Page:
Double and triple check to ensure that everything meets your expectations and goals, including:
- Character flow
- Line breaks
- Placement of images and graphics
- Paper choice
- Front-to-back orientation
If you have any doubts, ask for clarification. This is the last opportunity to make changes, corrections, or additions to your design or printing specifications. Have a third person look the proof over before you sign off on it. Remember: At the proof stage, there are no dumb questions!
- How much time can you invest?
- How much of someone else’s time are you willing to pay for?
The final part of the process is mailing the postcards out. Before you volunteer to print and stick labels on your project, consider how much time from your staff will be needed. See if your printer can handle the mailing in-house, how many days it adds to (or subtracts from) your final mailing deadline, and what additional costs apply.
If your printer doesn’t offer in-house mailing services, it can probably recommend “mail houses” that do. Using a mail house recommended by your printer helps avoid problems since there is already an existing relationship between the two parties.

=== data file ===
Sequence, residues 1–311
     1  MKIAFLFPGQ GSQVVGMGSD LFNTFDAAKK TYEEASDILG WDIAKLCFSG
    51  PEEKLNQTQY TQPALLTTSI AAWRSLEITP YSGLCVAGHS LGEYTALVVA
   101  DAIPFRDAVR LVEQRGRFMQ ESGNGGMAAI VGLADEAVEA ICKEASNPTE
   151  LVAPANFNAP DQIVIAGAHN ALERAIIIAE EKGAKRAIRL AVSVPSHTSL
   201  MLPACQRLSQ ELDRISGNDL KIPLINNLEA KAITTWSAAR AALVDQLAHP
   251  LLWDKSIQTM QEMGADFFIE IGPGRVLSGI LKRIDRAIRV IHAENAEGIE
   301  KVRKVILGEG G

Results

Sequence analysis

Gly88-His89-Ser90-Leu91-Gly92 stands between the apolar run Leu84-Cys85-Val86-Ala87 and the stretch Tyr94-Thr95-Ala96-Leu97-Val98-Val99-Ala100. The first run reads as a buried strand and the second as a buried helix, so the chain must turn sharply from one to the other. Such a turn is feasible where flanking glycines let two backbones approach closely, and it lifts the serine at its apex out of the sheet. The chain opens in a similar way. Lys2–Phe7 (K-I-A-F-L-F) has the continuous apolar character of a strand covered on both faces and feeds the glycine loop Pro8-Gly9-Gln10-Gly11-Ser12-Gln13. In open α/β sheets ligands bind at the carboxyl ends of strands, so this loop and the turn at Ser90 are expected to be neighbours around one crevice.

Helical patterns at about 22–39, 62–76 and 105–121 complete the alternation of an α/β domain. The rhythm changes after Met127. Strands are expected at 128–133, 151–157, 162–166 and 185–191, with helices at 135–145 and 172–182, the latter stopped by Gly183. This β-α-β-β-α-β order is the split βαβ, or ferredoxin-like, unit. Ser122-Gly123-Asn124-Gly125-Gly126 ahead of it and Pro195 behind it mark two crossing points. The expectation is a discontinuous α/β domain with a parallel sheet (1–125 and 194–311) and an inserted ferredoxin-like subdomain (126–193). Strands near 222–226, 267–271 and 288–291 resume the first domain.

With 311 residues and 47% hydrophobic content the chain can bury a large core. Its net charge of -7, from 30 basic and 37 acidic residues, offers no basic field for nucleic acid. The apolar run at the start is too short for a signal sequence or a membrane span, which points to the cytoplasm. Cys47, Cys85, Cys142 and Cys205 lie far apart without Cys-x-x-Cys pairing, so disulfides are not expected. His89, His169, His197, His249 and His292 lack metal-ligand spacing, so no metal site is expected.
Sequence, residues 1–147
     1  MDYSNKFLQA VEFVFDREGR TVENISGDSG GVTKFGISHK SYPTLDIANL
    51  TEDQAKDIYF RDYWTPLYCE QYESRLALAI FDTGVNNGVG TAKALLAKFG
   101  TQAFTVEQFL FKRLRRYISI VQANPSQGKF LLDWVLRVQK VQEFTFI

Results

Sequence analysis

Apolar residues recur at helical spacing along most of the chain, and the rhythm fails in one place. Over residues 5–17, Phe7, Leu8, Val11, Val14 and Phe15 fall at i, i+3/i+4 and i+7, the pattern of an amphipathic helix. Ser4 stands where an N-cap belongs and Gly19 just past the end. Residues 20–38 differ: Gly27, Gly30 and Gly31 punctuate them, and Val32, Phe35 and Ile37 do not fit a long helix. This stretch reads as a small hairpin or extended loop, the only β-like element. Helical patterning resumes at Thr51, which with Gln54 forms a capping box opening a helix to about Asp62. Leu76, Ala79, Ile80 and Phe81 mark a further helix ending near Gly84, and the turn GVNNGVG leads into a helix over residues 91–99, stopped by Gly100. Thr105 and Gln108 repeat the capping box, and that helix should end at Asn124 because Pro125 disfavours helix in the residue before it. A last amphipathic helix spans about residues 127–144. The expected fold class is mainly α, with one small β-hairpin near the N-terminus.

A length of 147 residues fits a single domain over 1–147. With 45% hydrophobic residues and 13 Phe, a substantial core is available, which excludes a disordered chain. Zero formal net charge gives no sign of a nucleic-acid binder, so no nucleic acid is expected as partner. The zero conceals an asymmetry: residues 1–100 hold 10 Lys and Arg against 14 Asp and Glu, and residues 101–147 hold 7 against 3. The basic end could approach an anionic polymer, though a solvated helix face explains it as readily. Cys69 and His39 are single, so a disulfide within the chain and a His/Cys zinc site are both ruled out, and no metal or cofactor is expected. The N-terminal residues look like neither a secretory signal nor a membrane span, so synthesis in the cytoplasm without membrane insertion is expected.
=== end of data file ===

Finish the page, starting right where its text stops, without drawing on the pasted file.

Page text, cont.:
Money-saving Quick Tip: Quantity in Question?
Most of the cost in printing is setting up your job. Once it’s on press, running an extra 500 copies will not cost much more. Adding an additional quantity costs a lot less than printing the whole job again two months later.
MS Publisher Tips
Use Custom Page Size in the File > Page Setup menu. Make artwork ¼ -inch (0.25) larger than your final trimmed dimension. Trim size can vary, however, so just to be safe, important content like text should be 1/8-inch (0.125) inside the final trim.
Microsoft Publisher works in three color spaces: Spot, RGB, and CMYK. Default for Publisher is the RGB color space. For commercial printing, you want to be in CMYK. To get there, choose Tools > Commercial Printing Tools > Color Printing. Select the color space before you start designing.
By default, any art-work used in your layout will be saved in RGB within the layout file. If your artwork was originally in the CMYK color space, be sure to link the files and send both art-work and layout to the printer. Choose Tools > Commercial Printing Tools > Graphics Manager to change your embedded artwork to links. This allows the artwork to remain in the CMYK color space.
Nail down the answers to these questions to make sure your small business printing job goes out without hassles!